Enhancing Crop Domestication Through Genomic Selection, a Case Study of Intermediate Wheatgrass

Jared Crain, Prabin Bajgain, James Anderson, Xiaofei Zhang, Lee DeHaan, Jesse Poland

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29 Scopus citations


Perennial grains could simultaneously provide food for humans and a host of ecosystem services, including reduced erosion, minimized nitrate leaching, and increased carbon capture. Yet most of the world’s food and feed is supplied by annual grains. Efforts to domesticate intermediate wheatgrass (Thinopyrumn intermedium, IWG) as a perennial grain crop have been ongoing since the 1980’s. Currently, there are several breeding programs within North America and Europe working toward developing IWG into a viable crop. As new breeding efforts are established to provide a widely adapted crop, questions of how genomic and phenotypic data can be used among sites and breeding programs have emerged. Utilizing five cycles of breeding data that span 8 years and two breeding programs, University of Minnesota, St. Paul, MN, and The Land Institute, Salina, KS, we developed genomic selection (GS) models to predict IWG traits. Seven traits were evaluated with free-threshing seed, seed mass, and non-shattering being considered domestication traits while agronomic traits included spike yield, spikelets per inflorescence, plant height, and spike length. We used 6,199 genets – unique, heterozygous, individual plants – that had been profiled with genotyping-by-sequencing, resulting in 23,495 SNP markers to develop GS models. Within cycles, the predictive ability of GS was high, ranging from 0.11 to 0.97. Across-cycle predictions were generally much lower, ranging from −0.22 to 0.76. The prediction ability for domestication traits was higher than agronomic traits, with non-shattering and free threshing prediction abilities ranging from 0.27 to 0.75 whereas spike yield had prediction abilities ranging from −0.22 to 0.26. These results suggest that progress to reduce shattering and increase the percent free-threshing grain can be made irrespective of the location and breeding program. While site-specific programs may be required for agronomic traits, synergies can be achieved in rapidly improving key domestication traits for IWG. As other species are targeted for domestication, these results will aid in rapidly domesticating new crops.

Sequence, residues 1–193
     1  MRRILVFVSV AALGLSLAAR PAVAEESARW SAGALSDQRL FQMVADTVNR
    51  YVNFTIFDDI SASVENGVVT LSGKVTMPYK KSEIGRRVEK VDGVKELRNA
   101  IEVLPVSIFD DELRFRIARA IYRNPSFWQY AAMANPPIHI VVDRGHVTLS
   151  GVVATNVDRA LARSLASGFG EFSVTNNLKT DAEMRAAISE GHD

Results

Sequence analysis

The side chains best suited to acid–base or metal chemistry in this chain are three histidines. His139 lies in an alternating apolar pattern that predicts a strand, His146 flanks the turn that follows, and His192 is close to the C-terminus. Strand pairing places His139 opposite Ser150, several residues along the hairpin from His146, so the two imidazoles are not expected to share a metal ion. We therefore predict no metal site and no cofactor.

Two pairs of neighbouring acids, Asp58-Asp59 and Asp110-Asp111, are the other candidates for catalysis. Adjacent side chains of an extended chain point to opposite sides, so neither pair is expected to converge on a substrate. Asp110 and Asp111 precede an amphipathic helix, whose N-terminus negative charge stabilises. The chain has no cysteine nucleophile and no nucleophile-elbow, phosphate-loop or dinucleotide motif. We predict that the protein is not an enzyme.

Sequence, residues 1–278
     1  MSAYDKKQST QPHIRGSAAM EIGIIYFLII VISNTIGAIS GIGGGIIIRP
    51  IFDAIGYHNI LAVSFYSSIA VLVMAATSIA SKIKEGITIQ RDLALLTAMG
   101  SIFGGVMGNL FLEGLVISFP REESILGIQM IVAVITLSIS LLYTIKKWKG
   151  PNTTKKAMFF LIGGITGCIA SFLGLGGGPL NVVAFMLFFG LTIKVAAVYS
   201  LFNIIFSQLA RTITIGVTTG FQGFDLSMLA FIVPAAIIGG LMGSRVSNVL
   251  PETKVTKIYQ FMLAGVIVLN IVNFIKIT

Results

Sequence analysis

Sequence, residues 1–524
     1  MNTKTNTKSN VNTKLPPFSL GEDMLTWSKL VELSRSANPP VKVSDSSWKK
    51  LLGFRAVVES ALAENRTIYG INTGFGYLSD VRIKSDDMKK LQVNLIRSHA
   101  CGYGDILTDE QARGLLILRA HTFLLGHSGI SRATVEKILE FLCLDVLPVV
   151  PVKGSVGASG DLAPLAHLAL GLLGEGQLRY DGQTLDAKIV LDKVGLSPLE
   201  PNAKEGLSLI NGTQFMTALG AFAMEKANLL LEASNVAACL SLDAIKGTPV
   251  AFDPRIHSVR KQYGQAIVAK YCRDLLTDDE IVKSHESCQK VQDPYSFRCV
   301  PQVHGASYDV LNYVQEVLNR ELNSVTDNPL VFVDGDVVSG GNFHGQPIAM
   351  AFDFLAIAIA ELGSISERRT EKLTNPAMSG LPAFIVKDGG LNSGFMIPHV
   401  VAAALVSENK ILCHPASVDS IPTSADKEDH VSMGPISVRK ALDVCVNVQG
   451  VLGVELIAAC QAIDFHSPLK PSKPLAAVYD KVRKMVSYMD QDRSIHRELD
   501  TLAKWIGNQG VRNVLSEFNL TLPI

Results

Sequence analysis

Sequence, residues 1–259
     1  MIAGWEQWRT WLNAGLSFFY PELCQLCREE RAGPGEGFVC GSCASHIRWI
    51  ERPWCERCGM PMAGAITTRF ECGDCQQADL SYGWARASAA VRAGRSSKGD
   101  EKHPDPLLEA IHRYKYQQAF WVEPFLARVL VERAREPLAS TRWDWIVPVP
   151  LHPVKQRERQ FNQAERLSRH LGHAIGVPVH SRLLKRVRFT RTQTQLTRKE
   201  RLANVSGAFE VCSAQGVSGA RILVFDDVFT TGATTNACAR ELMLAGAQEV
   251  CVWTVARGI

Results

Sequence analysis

Original languageEnglish (US)
Article number319
JournalFrontiers in Plant Science
StatePublished - Mar 24 2020

Bibliographical note

Funding Information:
This work was funded in part by the Perennial Agriculture Project, in conjunction with the Malone Family Land Preservation Foundation and The Land Institute.

Funding Information:
We acknowledge the excellent field and laboratory assistance of Shuangye Wu, Marty Christians, Brett Heim, and Professor Donald Wyse. The Thinopyrum intermedium Genome Sequencing Consortium provided pre-publication access to the IWG genome sequence. Computational work was completed on the Beocat Research Cluster at Kansas State University, which is funded in part by NSF grants CNS-1006860, EPS-1006860, and EPS-0919443.

Publisher Copyright:
© Copyright © 2020 Crain, Bajgain, Anderson, Zhang, DeHaan and Poland.


  • domestication
  • genomic selection
  • intermediate wheatgrass
  • multi-environment
  • perennial crops
  • shared data resources


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